The following is a guest post by Romi Mahajan, Director, Blueprint Consulting and Board Member, Socedo.
In an article in Marketing Darwinism, Steven Salta and I argued strongly that modern marketing is in peril. We suggested that the elevation of the concept of “ROI” has driven Marketers, in general, to be myopic about the channels they pick to market through. With a zealous insistence on ROI as an input, Marketers have cut themselves off from many effective avenues and have tended to cluster to the imminently measurable elements of digital marketing, to the exclusion of so many other worthwhile channels. Socedo CEO Aseem Badshah and I then did a video, explaining this concept further, suggesting that a Marketer with channel myopia is like a Chef who has an infinitude of ingredients but only one spoon and one pot in which to create a gourmet meal. Our clarion call for Marketers was to reclaim their profession and to bring back the Marketing Mix.
As with all such ideas whose time has come, the reception was fabulous. Each of us has gotten countless texts, LinkedIn comments, DMs, and phone calls thanking us for saying what “needed to be said.” We can’t claim breathtaking originality here, only a good dose of common marketing sense.
In some ways that seemingly simple concept- common sense- is exactly what has been missing from the intersection of Marketing and Technology for the past decade. Too many companies overclaimed and underdelivered. Too few companies took the “Art and Science” approach to Marketing. Too many companies sought refuge in arcane marketing mathematics. Too few companies understood the math but avoided being beguiled by it.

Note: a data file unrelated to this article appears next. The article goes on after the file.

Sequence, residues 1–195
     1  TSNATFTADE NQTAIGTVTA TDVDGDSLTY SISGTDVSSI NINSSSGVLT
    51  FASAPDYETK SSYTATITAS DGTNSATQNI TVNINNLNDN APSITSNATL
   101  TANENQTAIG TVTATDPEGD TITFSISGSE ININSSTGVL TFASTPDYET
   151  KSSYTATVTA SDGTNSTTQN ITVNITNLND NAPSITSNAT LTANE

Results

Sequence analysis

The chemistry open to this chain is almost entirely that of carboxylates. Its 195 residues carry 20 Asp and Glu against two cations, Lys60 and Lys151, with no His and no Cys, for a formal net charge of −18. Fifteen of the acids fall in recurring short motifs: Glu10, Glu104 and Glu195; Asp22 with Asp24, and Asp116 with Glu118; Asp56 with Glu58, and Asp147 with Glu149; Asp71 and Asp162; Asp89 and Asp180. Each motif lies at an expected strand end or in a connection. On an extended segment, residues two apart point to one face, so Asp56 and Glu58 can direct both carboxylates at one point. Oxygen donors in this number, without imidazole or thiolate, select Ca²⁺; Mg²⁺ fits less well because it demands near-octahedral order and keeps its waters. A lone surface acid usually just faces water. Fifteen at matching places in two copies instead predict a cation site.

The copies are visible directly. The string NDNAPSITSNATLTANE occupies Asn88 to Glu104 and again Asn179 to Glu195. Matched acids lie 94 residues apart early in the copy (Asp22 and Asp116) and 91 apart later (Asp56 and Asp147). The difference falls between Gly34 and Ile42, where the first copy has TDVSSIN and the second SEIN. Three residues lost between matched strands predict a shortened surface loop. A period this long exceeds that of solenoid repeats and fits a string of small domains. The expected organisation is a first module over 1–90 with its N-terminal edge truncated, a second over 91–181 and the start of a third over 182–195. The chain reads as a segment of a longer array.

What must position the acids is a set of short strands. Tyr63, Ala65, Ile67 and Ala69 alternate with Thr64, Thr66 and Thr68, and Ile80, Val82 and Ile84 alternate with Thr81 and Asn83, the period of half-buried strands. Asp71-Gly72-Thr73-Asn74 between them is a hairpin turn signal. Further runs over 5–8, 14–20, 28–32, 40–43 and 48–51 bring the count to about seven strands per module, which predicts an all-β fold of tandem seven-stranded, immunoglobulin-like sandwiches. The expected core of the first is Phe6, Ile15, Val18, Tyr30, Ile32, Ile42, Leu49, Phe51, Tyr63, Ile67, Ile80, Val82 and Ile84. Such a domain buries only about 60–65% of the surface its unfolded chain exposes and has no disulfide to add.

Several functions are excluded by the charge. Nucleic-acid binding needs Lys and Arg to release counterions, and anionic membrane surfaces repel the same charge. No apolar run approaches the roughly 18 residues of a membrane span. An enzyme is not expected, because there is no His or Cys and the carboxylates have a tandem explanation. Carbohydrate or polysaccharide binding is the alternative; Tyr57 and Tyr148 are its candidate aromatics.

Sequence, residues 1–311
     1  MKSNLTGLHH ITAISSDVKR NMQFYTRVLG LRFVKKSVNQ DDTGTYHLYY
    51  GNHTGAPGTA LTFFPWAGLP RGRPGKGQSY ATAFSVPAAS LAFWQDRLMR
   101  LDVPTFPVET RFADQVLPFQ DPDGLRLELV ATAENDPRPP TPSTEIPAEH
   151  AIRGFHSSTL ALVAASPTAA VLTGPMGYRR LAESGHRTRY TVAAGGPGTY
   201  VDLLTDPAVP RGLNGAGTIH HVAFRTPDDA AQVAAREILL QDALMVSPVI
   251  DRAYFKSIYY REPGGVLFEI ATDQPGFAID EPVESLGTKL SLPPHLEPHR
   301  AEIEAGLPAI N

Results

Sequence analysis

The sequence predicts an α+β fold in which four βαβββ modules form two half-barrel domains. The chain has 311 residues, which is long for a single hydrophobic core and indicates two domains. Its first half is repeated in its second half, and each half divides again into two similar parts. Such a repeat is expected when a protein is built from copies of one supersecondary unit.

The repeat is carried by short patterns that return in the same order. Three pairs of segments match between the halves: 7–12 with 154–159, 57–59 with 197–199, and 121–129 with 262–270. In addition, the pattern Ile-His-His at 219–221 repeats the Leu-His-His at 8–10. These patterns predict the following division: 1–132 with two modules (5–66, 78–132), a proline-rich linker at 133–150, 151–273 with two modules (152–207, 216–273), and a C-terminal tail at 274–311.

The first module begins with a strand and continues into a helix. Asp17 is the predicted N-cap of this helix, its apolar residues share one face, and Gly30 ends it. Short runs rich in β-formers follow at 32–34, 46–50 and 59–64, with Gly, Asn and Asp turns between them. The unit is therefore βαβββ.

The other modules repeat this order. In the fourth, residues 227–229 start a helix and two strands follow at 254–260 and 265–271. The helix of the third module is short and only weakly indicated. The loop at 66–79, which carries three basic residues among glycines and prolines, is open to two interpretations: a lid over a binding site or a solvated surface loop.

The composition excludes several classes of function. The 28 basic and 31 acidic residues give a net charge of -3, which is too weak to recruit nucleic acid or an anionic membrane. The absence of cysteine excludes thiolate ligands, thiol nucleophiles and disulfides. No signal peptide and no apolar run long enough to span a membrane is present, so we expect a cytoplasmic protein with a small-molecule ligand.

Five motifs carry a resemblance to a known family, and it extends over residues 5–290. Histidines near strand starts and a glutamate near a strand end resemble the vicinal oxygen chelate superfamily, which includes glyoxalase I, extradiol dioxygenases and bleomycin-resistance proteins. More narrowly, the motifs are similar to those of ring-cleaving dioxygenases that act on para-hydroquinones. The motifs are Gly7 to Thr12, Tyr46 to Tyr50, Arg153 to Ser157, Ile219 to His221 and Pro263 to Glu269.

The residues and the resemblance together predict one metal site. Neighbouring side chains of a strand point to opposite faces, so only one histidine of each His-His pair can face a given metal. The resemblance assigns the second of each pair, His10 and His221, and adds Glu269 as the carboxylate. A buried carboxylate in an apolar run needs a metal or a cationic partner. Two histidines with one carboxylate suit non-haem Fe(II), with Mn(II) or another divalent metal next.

In a complex world, with multiple channels, burgeoning technology platforms, intersecting audiences, and messages that traverse geographies, customer-types, and industries, there are no silver bullets or magic potions, only creative and data-inflected best guesses. Such is the nature of complex systems.
A good Marketer must make peace with this reality but still strive to make herself better by learning, trying, testing, and taking risks. A good Marketer must also resist over-indexing on the brightest and shiniest new object. A good Marketer must understand data and understand ROI but not be shackled by either.
Social media and Social-mediated messages fall very neatly in this “mid-zone” between Art and Science. They are at once measurable but inexact. They are simultaneously hard-hitting and important but ethereal. They indicate propensities but not guarantees. They indicate short-term patterns but not long-term rigidities.
As such, Social media must be taken seriously, but, once again, as part of a larger mix of inputs and outputs. Social media platforms thus must be part of all marketing infrastructures but not the only part and not even necessarily the biggest part.
That something is part of a mix does not diminish its importance. But we must as a community of Marketers maintain our larger perspective.
Committing to a holistic view of Marketing is crucial. In this view, Social plays an important role.